Author: Emily Wilton (Environet Ltd.)
Air quality monitoring in Taupo from 2001 to 2003 has shown concentrations of PM10 in excess of the Ministry for the Environment’s ambient air quality guideline and National Environmental Standard (NES) of 50 µgm-3 (24-hour average). Based on 2003 data, the guideline may have been exceeded on 12 days if data are extrapolated for missing values. The NES allows only one exceedence per annum of 50 µg m-3 (24-hour average).
Sources of PM10 and other contaminants in Taupo had previously been evaluated for the year 2000 using the emission inventory methodology. This involved a domestic home heating survey and an evaluation of motor vehicle emissions based on a road network model for Taupo. The industrial component relied on a 1997 industrial emissions assessment for the Waikato region (Noonan, 1997).
This study updates the previous inventory data and includes an assessment of the sources of industrial emissions. Contaminants included were particles (PM10 and PM2.5), carbon monoxide, nitrogen oxides, sulphur oxides, volatile organic compounds, carbon dioxide and benzene. This report primarily focuses on emissions of particles (PM10), as concentrations of PM10 in Taupo are in breach of the NES. The PM10 sources included in the inventory assessment were domestic heating, motor vehicles, industrial and commercial activities and outdoor burning.
Emissions from domestic home heating were evaluated using the results of a household survey of heating methods. Woodburners and gas were found to be the dominant home heating methods in Taupo being used in the main living area in around 47% and 37% of homes respectively. Electricity was also a common heating method with around 34% of households using that method. Many households used more than one method to heat the main living area of their home.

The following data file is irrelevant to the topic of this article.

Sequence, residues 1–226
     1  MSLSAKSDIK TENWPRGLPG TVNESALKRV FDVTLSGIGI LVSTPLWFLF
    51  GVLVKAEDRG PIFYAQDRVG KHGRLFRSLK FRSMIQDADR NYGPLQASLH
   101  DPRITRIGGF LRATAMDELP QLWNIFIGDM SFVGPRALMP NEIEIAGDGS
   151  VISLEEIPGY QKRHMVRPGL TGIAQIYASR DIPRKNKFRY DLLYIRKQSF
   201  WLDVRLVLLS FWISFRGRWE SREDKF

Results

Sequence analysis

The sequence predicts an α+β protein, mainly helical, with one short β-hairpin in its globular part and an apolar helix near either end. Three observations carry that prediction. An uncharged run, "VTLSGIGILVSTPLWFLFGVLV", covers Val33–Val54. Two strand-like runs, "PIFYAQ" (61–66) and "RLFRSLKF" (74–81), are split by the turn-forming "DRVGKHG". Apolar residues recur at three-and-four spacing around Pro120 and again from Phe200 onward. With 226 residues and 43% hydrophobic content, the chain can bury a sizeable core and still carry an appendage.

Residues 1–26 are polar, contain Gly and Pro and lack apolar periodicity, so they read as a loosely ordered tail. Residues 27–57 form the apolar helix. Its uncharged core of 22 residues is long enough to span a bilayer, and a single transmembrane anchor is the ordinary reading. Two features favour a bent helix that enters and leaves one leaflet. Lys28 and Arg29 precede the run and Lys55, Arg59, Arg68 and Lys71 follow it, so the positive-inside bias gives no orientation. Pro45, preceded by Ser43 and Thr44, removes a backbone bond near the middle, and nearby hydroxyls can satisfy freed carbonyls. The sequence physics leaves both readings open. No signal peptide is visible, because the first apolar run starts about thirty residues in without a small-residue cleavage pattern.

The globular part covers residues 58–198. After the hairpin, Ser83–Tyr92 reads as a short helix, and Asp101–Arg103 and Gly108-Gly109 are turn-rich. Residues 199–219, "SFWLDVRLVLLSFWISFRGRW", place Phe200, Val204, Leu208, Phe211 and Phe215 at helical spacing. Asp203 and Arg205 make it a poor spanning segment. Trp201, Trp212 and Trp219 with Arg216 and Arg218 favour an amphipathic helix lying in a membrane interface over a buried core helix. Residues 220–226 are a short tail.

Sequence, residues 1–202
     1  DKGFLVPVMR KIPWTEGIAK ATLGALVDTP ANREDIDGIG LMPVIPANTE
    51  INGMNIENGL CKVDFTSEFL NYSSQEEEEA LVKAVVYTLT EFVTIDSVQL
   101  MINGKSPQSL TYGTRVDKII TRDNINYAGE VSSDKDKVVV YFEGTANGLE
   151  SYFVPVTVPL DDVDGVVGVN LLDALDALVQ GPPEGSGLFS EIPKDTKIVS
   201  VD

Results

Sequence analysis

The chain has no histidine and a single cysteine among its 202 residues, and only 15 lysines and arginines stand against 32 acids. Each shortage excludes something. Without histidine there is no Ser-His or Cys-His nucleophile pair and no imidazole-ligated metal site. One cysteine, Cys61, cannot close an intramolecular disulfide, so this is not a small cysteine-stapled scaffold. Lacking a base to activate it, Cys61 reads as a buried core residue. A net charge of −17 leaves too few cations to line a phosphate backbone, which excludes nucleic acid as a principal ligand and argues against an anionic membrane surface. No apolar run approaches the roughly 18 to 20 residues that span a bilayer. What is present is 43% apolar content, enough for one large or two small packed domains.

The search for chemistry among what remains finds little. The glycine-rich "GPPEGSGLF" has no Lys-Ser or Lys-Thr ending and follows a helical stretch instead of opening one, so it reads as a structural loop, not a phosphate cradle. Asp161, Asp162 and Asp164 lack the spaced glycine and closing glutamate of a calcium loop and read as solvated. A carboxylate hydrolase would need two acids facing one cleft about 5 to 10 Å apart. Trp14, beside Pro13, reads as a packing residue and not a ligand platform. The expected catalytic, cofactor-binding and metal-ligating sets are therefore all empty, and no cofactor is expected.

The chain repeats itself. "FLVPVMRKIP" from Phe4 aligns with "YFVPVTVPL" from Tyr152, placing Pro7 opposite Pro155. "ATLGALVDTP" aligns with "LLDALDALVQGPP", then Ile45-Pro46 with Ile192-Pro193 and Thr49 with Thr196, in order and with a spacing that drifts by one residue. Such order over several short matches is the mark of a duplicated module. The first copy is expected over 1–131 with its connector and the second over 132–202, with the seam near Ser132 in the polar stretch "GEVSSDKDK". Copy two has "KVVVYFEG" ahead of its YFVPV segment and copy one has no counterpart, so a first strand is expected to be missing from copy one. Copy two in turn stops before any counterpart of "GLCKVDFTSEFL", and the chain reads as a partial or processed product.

The main source of PM10 and PM2.5 emissions in Taupo was domestic home heating, which accounted for around 88% and 90% of total emissions respectively. For PM10, the remaining 12% was distributed between motor vehicles (9%), outdoor burning (3%) and industrial emissions (<1%). Motor vehicles also accounted for about half of the CO and CO2 and 90% of the NOx emissions.
Taupo Emission Inventory 2004
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|2 Inventory design||1|
|2.1 Selection of sources||1|
|2.2 Selection of contaminants||1|
|2.3 Selection of areas||2|
|2.4 Temporal distribution||3|
|3 Domestic heating||4|
|3.2 Home heating methods||5|
|3.3 Emissions from domestic heating||7|
|4 Motor vehicles||12|
|4.1.1 Emission factors||12|
|4.1.2 Vehicle kilometres travelled||13|
|4.2 Motor vehicle emissions||15|
|5 Industrial and commercial||17|
|5.2 Industrial and commercial emissions||19|
|6 Outdoor burning||21|
|6.2 Emissions from outdoor burning||21|
|7 Other sources of emissions||22|
|8 Total emissions||23|
|Appendix One: Home Heating Questionnaire||29|